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Allan's Philosophy Podcast

Saturday, March 6, 2010

Philosophy on Facebook # 24 - Fights

Philosophy on Facebook # 24 - Fights

Unfortunately Tommy and I had a really good podcast about everybody having a different reality that is affected by our perceptions but the screen capture didn’t record the audio so we were there looking like idiots and I didn’t want to post that lol. I up’d the video quality and it still isn’t that great but for webcam I think it is going to be the best we can get it. It will just look really blurry on YouTube with the compression software they utilize but on Facebook it should be decent. I think we’re going to rerecord it tomorrow sometime so there’s still time to join and be a part of it if you want.

So there was an interesting event that took place at Hammond on Friday about the guy getting arrested and this spurred a very long conversation during Ms. Hogg's world history class courtesy of Julie Rose query about what was going on. This note is going to try and basically encompass our conversation during the class. This is all based off of memory so if it doesn’t do the topic justice, don’t get too mad lol.

I think a good way to start off this topic is to say that if you’re a human then you are going to have problems. These problems could be specifically directed towards other people but what is important is the way you deal with it. Your approach to solving these conflicts with others is all based upon your upbringing and your environment. Your environment is comprised of many factors that can include your economic status and the current situations you have to deal with. Your upbringing is the way you have learned from experience through growing up how to deal with problems. Everybody has different approaches to solving a problem and these different outlooks all have different outcomes. One way that has been very prominent at Hammond recently is through physical means and by that I mean fighting.

Eric Bricker brought up a very good point about how the media is a major factor in instilling certain values into their audience that can cause them to be inclined to solve conflicts through the use of brute force. He worded it much better than I can but what he was basically saying was that media has been playing a role in the aggressiveness in society today. Think about it, a lot of what’s on TV is about violence and action. It is telling the viewers that there are positive benefits associated with being violent and aggressive in order to try and achieve you goals or fixing conflicts. For instance, if you are a badass then you beat the crap out of villains in order to receive appreciation and notoriety among females. It also gives alibis for the use of force and provides justification for why you should do it. A popular reasoning behind utilizing physical force is the idea of honor and when someone disgraces or insults it you have to defend it and the way they do it is through fighting. People are being taught to follow these strategies as they grow up. Because youth are extremely sensitive to the stimulus that’s everywhere especially provided by the media and their parents, they are in turn using force to solve their problems as well.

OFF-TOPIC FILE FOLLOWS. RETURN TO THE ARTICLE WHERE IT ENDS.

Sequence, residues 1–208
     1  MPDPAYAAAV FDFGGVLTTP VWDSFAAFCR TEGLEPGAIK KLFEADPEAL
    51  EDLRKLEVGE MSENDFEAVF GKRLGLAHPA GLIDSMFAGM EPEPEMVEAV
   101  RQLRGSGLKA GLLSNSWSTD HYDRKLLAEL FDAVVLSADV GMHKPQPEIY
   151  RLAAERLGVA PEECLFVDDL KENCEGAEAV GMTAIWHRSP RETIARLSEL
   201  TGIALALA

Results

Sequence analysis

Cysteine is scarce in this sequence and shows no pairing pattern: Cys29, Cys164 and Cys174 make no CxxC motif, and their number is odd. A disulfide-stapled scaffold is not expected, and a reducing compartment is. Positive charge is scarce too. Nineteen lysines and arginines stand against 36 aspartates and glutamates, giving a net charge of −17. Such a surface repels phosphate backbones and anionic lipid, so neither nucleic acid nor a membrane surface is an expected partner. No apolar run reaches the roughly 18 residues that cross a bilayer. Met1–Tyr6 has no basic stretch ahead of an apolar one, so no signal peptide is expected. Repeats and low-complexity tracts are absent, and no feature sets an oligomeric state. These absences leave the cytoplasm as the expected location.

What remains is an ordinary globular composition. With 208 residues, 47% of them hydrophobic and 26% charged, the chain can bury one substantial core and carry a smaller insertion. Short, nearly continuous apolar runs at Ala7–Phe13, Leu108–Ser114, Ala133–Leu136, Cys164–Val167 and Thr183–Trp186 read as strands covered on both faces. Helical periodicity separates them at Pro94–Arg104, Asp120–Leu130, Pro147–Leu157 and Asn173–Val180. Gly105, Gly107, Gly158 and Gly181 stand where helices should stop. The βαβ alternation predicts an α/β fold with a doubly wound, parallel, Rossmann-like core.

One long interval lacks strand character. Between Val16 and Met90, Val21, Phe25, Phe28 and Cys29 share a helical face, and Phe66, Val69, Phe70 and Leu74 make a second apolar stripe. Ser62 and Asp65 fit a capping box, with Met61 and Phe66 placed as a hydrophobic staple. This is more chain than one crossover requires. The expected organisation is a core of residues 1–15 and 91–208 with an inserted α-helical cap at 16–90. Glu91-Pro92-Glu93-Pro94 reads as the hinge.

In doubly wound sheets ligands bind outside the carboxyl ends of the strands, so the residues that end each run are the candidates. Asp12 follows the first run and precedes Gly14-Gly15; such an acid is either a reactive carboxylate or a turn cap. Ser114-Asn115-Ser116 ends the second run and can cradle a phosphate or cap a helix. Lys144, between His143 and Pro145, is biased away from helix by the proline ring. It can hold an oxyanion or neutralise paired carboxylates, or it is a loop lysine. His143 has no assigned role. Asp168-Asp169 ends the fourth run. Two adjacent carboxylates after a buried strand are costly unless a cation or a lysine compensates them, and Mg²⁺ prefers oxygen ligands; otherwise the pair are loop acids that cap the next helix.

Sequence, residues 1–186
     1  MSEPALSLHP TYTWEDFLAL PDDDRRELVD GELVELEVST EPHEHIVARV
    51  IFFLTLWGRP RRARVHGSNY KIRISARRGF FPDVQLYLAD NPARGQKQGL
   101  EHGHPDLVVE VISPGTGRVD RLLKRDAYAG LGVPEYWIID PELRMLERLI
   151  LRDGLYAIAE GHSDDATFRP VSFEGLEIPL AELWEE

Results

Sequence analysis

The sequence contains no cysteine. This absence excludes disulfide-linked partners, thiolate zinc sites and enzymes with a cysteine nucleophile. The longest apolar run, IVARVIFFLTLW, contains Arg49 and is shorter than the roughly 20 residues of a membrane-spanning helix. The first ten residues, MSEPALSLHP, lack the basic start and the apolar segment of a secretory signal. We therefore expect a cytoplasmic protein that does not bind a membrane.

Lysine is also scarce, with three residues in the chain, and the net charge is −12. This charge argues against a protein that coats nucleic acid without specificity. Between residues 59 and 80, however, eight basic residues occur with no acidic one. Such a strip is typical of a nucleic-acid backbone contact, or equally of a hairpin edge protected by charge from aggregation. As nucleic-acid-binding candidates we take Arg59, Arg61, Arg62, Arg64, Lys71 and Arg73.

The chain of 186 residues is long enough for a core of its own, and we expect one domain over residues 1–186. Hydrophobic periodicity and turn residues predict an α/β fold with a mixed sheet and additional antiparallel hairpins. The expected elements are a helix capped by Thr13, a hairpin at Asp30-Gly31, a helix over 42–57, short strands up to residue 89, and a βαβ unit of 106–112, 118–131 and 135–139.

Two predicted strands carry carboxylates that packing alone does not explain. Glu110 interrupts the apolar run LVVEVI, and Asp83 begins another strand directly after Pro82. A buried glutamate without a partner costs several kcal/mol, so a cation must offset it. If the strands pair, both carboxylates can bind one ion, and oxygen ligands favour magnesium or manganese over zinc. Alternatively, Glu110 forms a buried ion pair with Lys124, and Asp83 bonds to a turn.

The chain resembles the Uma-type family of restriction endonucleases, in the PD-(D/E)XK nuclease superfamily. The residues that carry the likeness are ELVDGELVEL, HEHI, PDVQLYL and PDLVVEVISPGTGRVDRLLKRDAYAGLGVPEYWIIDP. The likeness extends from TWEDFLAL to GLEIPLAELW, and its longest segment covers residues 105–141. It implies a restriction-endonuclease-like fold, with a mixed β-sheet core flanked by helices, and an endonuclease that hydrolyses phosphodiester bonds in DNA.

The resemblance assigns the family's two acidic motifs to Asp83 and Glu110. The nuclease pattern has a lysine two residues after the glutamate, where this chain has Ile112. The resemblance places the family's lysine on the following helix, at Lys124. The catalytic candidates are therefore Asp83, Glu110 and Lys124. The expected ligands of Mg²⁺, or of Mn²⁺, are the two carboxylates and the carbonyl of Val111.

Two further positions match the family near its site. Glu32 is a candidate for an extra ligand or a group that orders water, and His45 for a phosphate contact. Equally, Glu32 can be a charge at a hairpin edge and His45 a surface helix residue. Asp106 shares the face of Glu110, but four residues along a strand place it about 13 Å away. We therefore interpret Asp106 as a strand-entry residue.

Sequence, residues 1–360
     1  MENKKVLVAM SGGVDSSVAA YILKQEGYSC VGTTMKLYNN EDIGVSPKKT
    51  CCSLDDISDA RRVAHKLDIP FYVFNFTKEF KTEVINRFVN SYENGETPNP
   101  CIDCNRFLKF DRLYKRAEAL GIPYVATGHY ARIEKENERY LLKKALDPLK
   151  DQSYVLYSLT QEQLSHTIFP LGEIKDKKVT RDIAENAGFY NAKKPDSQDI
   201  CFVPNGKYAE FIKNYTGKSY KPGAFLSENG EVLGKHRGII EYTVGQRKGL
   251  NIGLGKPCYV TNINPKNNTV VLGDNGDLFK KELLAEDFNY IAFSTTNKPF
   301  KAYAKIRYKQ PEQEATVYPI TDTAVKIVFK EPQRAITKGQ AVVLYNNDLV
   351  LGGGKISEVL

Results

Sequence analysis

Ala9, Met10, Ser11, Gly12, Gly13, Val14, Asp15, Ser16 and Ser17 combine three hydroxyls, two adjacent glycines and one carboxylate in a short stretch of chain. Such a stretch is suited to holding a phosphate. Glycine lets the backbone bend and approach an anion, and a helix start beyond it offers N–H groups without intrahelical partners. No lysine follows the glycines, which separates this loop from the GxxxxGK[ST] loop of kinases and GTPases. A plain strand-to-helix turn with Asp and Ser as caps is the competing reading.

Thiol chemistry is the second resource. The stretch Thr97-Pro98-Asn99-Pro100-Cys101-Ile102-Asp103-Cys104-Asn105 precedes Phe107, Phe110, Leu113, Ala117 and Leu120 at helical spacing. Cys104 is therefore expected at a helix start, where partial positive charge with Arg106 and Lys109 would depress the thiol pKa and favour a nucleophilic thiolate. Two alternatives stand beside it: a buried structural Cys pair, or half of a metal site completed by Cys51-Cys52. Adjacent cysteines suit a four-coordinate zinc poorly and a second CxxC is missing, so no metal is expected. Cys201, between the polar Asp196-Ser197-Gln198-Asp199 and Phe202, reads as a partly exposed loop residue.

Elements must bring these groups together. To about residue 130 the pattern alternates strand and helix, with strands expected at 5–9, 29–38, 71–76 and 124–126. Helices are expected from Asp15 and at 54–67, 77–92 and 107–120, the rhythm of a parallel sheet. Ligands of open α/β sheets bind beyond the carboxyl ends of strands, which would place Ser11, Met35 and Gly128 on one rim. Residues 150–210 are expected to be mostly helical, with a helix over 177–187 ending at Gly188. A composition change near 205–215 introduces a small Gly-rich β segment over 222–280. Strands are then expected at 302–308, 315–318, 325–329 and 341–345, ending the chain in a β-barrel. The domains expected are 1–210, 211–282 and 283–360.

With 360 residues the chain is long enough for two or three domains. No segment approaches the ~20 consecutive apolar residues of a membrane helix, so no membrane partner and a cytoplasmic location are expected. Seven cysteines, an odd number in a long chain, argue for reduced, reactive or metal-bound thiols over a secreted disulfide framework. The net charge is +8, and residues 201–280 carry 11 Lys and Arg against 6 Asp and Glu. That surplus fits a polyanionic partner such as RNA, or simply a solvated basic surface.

Not only does the environment that the media sets up for their viewers to encourage violence, but parents or lack of parents also plays a factor in this temperament. While media tends to encourage this behavior, parents can tend not to discourage this behavior which is just as worse. In situations where violence derives, the households of those members committing illegal actions usually don’t have any parental figures to instill society’s “proper” values and behaviors. Amy Simpson said in class that a lot of parents possibly just don’t care about their children to take the time to try and put them down a path of good. The parents might not necessarily care about their children but due to monetary constraints, they could be preoccupied with jobs and other important things involved in getting by. This lack of parental guidance can definitely pose as a variable in the issue of the increasing levels of hostility not only in Hammond but in the world. On the flip side, not only can parents choose to not discourage the use of force but can also encourage it due to their role model status among their children. If the child sees their dad using force or dealing drugs then they idolize him because he is their parental figure and can believe that those actions are what they should follow and abide by in their futures. These hereditary values then create a vicious cycle which travels down the generations and teach the next generation to use violence as well in order to solve conflicts.